C89/C90: Returning 0 from main()

Discussion in 'C Programming' started by Michal Nazarewicz, Feb 13, 2007.

  1. Hi,

    What does returning 0 from main() mean according to C89/C90 standard?
    I've found that in C99 it means successful termination (7.20.4.3p5)
    however as I'm editing book on C at Polish Wikibooks I'd like to know
    what C89/C90 says about it - quotation from C89 or C90 would be nice.

    Moreover, in C99 main() function is somewhat special because lack of
    return statement is equivalent with returning zero (5.1.2.2.3p1). Is
    it also the case in C89/C90?

    BTW. Is there any publicly available (draft of) C89/C90 standard?
     
    Michal Nazarewicz, Feb 13, 2007
    #1
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  2. Michal Nazarewicz

    matevzb Guest

    First, the main() quote:
    "A return from the initial call to the main function is equivalent to
    calling the exit function with the value returned by the main function
    as its argument. If the main function executes a return that specifies
    no value, the termination status returned to the host environment is
    undefined."
    Return statement:
    "Reaching the } that terminates a function is equivalent to executing
    a return statement without an expression."
    exit() function:
    "Finally, control is returned to the host environment. If the value of
    status is zero or EXIT_SUCCESS , an implementation-defined form of the
    status successful termination is returned. If the value of status is
    EXIT_FAILURE , an implementation-defined form of the status
    unsuccessful termination is returned. Otherwise the status returned is
    implementation-defined."
    It doesn't seem to be with regards to the quoted material, but someone
    else should confirm this.
    It's available at http://web.archive.org/web/20050207005628/http://
    dev.unicals.com/papers/c89-draft.html.
     
    matevzb, Feb 13, 2007
    #2
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  3. From n869 [1]:

    5.1.2.2.3: "If the return type of the main function is a type compatible
    with int, a return from the initial call to the main function is
    equivalent to calling the exit function with the value returned by the
    main function as its argument;"

    7.20.4.3 (The exit function), subparagraph 5: "If the value of status
    is zero or EXIT_SUCCESS, an implementation-defined form of the status
    successful termination is returned."
    No; in C89, omission of the return statement causes an unspecified
    termination status to be returned from the host environment (I will
    leave quoting the relevant portion of the standard to someone with
    more time to look it up).
    [1] I apparently have been laboring under the delusion that n869 was a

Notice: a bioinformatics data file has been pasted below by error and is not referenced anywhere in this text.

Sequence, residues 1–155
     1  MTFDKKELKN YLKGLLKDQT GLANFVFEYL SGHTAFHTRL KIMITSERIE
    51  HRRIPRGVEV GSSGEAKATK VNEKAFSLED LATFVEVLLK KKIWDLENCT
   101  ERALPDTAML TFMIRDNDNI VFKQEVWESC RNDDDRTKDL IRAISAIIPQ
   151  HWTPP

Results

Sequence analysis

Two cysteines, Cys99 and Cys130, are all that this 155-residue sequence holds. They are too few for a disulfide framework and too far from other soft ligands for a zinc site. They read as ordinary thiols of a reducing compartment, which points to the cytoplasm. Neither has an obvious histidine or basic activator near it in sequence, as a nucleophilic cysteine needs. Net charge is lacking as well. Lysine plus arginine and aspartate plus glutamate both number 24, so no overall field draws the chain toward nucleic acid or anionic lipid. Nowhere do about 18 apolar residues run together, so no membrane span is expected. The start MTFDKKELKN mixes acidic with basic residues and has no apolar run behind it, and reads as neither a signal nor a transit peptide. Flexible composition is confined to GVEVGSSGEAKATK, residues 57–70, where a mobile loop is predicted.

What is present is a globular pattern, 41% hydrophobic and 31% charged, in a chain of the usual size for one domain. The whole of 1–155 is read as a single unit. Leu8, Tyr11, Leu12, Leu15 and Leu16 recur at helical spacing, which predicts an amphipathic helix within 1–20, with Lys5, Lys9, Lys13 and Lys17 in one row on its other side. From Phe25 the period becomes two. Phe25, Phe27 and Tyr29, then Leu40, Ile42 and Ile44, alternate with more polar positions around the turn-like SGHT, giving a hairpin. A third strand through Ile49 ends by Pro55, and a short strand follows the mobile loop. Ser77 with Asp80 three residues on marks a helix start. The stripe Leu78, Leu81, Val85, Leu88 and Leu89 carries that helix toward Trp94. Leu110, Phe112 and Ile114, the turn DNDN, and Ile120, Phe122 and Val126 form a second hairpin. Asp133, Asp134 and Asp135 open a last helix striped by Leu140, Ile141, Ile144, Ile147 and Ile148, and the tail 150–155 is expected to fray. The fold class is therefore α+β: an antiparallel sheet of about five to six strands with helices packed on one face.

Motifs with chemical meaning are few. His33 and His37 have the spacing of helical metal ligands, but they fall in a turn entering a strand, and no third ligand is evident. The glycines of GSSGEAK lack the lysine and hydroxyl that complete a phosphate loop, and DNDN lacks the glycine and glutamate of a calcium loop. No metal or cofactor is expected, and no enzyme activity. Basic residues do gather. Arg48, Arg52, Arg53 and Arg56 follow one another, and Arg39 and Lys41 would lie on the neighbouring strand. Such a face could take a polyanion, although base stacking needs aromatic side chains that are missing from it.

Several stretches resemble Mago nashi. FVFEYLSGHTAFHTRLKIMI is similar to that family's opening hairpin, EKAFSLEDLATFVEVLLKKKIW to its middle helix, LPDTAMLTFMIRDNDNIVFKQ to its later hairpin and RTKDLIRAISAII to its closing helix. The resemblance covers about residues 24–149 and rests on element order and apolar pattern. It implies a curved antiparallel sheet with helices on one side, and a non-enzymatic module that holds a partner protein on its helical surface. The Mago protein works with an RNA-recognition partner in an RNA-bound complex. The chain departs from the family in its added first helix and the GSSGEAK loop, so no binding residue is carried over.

draft of the C89 Standard; a look at the foreward of that document
    reveals that it is not so. I also thought the FAQ addressed this
    question, but I don't see that either. I've started my morning 0/2
    and mostly failed to be helpful; sorry about that.
     
    Christopher Benson-Manica, Feb 13, 2007
    #3
  4. D'oh - of course, that should be "TO the host environment". Perhaps I
    should forego attempting to work today, or at least head back to
    Starbucks.
     
    Christopher Benson-Manica, Feb 13, 2007
    #4
  5. The same verbiage you referred to is found in C89 at 7.10.4.3p5.
    No, the value returned in this case is undefined.
    I'm sure there is, I don't know where one would find it though.

    Robert Gamble
     
    Robert Gamble, Feb 13, 2007
    #5
  6. Thanks, that answers all my questions.
     
    Michal Nazarewicz, Feb 13, 2007
    #6
  7. C89 draft:

    "Program termination"

    A return from the initial call to the main function is
    equivalent to calling the exit function with the value returned
    by the main function as its argument. If the main function
    executes a return that specifies no value, the termination
    status returned to the host environment is undefined.
    It does so for the _initial_ call to main. Recursive calls to main
    are allowed, and it's possible to perform such calls legitimately
    without main ever returning a value, so long as the calling function
    doesn't attempt to use the return value.
    Strictly speaking it says an _undefined_ status will be returned to
    the host. Sloppy wording perhaps, but it's probably meant to convey
    that the C standard doesn't limit the termination status to something
    as simple as an integer value or C like object. For instance, an
    unsuccessful status might be to ask the host to ring the lab klaxons!
    N869 is the last public draft prior to the issuance of C99. N1124 is
    a more recent draft that includes the TCs.
     
    Peter Nilsson, Feb 13, 2007
    #7
  8. However, N869 describes a language that has much more in common with
    C99 than C89, correct? That's the fact that I've previously missed.
     
    Christopher Benson-Manica, Feb 14, 2007
    #8
  9. It's a draft of C99 yes, but in terms of being a reference for
    C89 it's quite useful. N1124 is better still. C99 merely clarified
    and extended C89 for the most part. The changes are summarised
    in the Forward.

    There are differences of course, but C99 reflects the modern
    spirit of C better than the crusty C89 standard.
     
    Peter Nilsson, Feb 14, 2007
    #9
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